Location, Location, Location
Where you stay and how you get around has a HUGE impact on the success of your vacation.
Try to stay as close to attractions as possible, preferably within walking distance. At the very least try to stay near some form of public transportation (subway, bus, etc.)
Kids get grumpy and drained in cars – so if you have to drive everywhere expect they’ll be more difficult when you arrive at your destination.
On the other hand, kids LOVE riding public transportation – it’s an attraction in and of itself! Just look at how happy Ry is riding the streetcar in New Orleans:
Walking is fun too – they get to drink in the essence of the city you’re staying in and see everything up close. You’ll be amazed at the details they notice and how much more about the city they will remember after you family vacation comes to and end.
If your destination isn’t one that’s walkable or doesn’t have public transportation available, a rental car is an absolute MUST.
The car can be your staging area – keep in stocked with coats, bathing suits/towels, snacks, busy activities, the stroller, etc. Also having a rental car allows you to conveniently keep the car seats installed.
If you have to rely on taxis all the time, you’ll be super rushed trying to install car seats. And you know what you get when that happens? This:
This was in Amsterdam. We had to take a taxi to the airport at 5 am and we were so rushed that my poor husband didn’t install the car seat correctly… halfway through the trip poor Ry was on his back. Whoops.
Do yourself a favor and stay near public transportation OR invest in a rental car – it will make your life so much easier.
Related Post | Baby Sleeping Essentials
Related Post | Answering the Tough Questions About Car Seats on Airplanes
Provide a Place for them to Recharge
Even on a family vacation – kids need to have a home base.
Of course this can be your hotel room, but if possible I like to stay at an Airbnb to give everyone a little more space.
To make it feel a little more familiar, be sure to bring personal items from your child’s bedroom. I bring their pillows, blankets, stuffed animals, and toys.
The very first thing we do when we get into our room is create their sleeping space. I let them choose where they want their cots set up, which side they want their pillow on, etc.
Instantly kids feel more comfortable being provided with something familiar. They often like to sit there for a while reading or playing before they venture out and explore the rest of the house.
Plan Flexible Activities
Don’t plan too many family activities in a day… but don’t have a completely empty schedule either.
A good rule of thumb is to plan one “definite” activity for the day – like an aquarium, pool visit, or show – and have a few possible activities for other times.
For example, you may be definitely planning on going to a rodeo show when you’re in Denver. If the kids are feeling up to it, you might also take a train ride. If their mood is iffy and you don’t want to be stuck on a train with your kids, the backup plan could be a quick hike in the park.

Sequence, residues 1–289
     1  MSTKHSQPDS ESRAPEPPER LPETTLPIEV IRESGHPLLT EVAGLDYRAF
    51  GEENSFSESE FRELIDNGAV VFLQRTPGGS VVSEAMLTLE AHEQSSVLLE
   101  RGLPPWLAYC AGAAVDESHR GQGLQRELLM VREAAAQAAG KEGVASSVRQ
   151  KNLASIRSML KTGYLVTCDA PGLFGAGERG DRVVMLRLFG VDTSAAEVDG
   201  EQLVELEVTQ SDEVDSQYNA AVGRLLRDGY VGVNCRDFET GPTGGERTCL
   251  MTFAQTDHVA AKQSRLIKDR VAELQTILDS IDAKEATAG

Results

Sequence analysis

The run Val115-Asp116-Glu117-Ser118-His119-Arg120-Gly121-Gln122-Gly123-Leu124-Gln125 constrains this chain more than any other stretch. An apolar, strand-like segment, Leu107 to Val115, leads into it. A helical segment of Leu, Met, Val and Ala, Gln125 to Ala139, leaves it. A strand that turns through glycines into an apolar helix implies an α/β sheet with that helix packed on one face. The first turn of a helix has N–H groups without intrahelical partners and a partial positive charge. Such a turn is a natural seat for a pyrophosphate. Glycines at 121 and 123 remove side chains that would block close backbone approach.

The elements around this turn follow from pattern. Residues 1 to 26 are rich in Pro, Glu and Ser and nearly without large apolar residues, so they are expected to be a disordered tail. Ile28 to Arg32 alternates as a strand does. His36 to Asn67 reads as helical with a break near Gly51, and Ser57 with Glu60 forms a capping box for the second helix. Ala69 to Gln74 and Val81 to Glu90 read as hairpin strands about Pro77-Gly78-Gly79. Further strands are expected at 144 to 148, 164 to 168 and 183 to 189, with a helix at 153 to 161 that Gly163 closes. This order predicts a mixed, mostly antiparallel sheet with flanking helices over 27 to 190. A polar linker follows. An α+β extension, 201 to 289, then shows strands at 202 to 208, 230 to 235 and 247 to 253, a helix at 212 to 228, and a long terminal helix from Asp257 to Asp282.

When scheduling outings, make sure you’re planning a mixture of activities for every family member. It’s your vacation too! It’s not just about the kids.
When we were in Dublin, we hit up the Guinness Factory for a tour and quick taste. The kids had a blast checking out the museum! Don’t be discouraged from doing things you want to do – even if they’re not directly targeted for kids.
I also highly recommend locating the nearest playground. That’s a great impromptu activity and way to let the kids burn up some extra energy.
On a similar note, plan a variety of restaurant options – both for dine-in and carry-out. There are times you’ll need to sit down and relax but also times you’ll just want to grab food and get home.
Remember to Breathe and Smile
Most importantly, remember to breeeathe.
Try to relax and let things go on vacation. Being stressed isn’t going to make you have more fun. If they have ice cream for dinner, it’s not the end of the world.
Make sure you are present. Resist the temptation to check your text messages and work e-mail every 5 minutes. Pay attention to your partner, your kids, and yourself.
Be appreciative of the chance to connect with your family and the opportunity to discover a new place. And remember to smile.
Finally, take lots of pictures – of both the good and the bad times.
I took this picture around 2:30 am after I was awake all night with my toddler who had thrown up all over her crib. It was terrible – but looking back on it now I think it’s such a sweet picture.
Pictures help us to remember our travels and they are mementos the whole family will cherish forever.
And that’s a wrap! I’ve walked you through all the steps to ensure you have a fantastic vacation with your kids from start to finish. From the early planning stages to the packing and through the traveling itself.
Now go out there and explore! Make memories! And be sure to remember to pack plenty of busy toys!